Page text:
One class I worked with was a class of mostly Hispanic and Black kids who were only not in jail because they attended this class in the Career Center where I was a teacher in residence. Ok , their main teacher was a policeman, and he wore cop shoes, but he knew how to work with the students. I also worked with them. The only problem I ever had was that sometimes they would tell me how to wear my hair.. some wanted me to use gel and I did not. But that was not a big deal.He read their faces as they came in. They were checking out the shoes of the adults who came in. Everything was not always peaceful but, he would do aside time, and some kinds of counseling. We did not lose a single student back to jail. We gave them confidence, and assurance and skills that they could use. We sometimes let them use educational games. Wow did I have a hard time keeping my scores up to challenge them. That was a challenge that they liked. I stayed up nights to learn those games.
What can you teach them? What about everything? This is a group of students seining who had never been seaside , or to a beach. Did they love me. You betcha. Did they learn. YES!!! Ok I used their love of crabs to get them there, but that is fair. ” Eat a Crab Lab?
Seining at the SERC Center, Edgewater , Maryland.
Another approach to students, is that of Dr. Jesse Bemley. He takes the best and the brightest and teaches computer science to them. In the middle o the ghetto…Very rigid. Specialized practice on presenting and being on point in sharing information. When I worked with him I watched in amazement as he transformed students. Students went on to work with the BDPA and other groups. Attitudes were left at the door. Besides, Dr. Bemley came from Mississippi and he could tell long stories about not having things, and a difficult journey to education. He would talk a student to death about opportunity … literally. I think the students were amazed at what he knew and his dedication to their achievement. If a child had an attitude it was locked at the door.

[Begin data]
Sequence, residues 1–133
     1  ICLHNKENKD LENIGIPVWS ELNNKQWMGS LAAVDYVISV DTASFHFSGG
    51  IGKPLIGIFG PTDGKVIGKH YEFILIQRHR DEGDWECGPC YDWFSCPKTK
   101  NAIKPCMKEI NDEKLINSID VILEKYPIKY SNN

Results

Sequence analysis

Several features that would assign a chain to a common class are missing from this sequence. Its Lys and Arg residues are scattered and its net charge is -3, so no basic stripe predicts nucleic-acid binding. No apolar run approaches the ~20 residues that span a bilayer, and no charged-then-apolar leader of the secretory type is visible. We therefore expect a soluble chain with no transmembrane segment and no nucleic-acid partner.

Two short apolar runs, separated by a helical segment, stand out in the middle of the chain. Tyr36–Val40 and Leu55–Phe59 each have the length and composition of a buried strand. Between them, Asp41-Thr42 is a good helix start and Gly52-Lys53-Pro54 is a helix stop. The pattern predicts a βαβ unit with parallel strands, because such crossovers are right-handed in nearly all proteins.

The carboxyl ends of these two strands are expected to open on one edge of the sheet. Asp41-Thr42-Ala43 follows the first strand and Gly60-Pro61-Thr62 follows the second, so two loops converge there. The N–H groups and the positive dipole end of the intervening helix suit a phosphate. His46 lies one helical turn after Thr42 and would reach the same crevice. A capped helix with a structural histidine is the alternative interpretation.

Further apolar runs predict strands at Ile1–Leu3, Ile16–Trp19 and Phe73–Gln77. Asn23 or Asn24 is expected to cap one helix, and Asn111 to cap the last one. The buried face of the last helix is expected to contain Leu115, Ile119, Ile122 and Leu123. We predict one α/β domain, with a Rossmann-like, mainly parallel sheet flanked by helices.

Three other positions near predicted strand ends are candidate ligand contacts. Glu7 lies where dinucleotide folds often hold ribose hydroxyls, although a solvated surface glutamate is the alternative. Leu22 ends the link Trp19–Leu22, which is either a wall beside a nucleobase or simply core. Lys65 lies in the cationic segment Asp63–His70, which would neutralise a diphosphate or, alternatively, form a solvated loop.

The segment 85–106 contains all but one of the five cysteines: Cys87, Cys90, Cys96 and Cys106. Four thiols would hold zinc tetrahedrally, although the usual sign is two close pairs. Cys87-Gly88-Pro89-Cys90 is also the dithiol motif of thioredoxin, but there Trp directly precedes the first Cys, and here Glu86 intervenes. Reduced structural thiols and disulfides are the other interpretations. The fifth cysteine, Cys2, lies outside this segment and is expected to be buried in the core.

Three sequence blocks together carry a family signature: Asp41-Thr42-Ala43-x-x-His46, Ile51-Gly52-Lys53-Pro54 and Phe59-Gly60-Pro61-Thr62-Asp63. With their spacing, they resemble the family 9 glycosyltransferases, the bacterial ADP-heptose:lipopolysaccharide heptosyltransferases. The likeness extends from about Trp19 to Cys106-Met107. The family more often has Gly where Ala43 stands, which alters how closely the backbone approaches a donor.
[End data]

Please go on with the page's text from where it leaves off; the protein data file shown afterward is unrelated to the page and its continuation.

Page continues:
We went to conferences, did Saturday study and worked with Supercomputing for a long time. Dr. Bemley is still doing this work in his Naylor Road office. His son and daughter are computer scientists. ( It takes a village). He was able to bring a lot of students to a specialized event that SC had in our Washington DC area. Any attitudes that students had were parked at the door.
I had another friend,Manorama Talaiver, who taught in rural schools in Virginia and she worked with students who were minorities. She wrote grants and got funding and connected teachers and students to learning . What she did every Saturday? She provided opportunity. She wrote grants and did Robotics First with kids .. that was something else to watch. All of her students achieved. All of them. She built their confidence and involved them in team building.
We need to make sure that all of our schools, not just those in affluent suburban communities, obtain computer technology., have access, and the teachers have professional development to fully use the tools . The tools are the first step.
Larry Irving also said
“Additionally, we need to make sure that all of our schools, not just those in affluent suburban communities, obtain computer technology.” this is extracted from a speech he made a decade ago.. and so we must add computer coding to the list.
Larry Irving 1998 Speech
Larry Irving 2015 Speech( It is awesome on it’s own)
Use technology to disrupt poverty!